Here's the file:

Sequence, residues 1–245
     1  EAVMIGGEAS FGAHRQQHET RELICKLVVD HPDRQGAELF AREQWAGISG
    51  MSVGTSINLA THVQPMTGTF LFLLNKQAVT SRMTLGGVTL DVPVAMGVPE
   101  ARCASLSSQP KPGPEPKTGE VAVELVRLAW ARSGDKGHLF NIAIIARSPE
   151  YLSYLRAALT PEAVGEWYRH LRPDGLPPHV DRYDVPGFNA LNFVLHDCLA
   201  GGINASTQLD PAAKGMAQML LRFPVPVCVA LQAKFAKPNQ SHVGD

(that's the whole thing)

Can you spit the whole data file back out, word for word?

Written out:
Sequence, residues 1–245
     1  EAVMIGGEAS FGAHRQQHET RELICKLVVD HPDRQGAELF AREQWAGISG
    51  MSVGTSINLA THVQPMTGTF LFLLNKQAVT SRMTLGGVTL DVPVAMGVPE
   101  ARCASLSSQP KPGPEPKTGE VAVELVRLAW ARSGDKGHLF NIAIIARSPE
   151  YLSYLRAALT PEAVGEWYRH LRPDGLPPHV DRYDVPGFNA LNFVLHDCLA
   201  GGINASTQLD PAAKGMAQML LRFPVPVCVA LQAKFAKPNQ SHVGD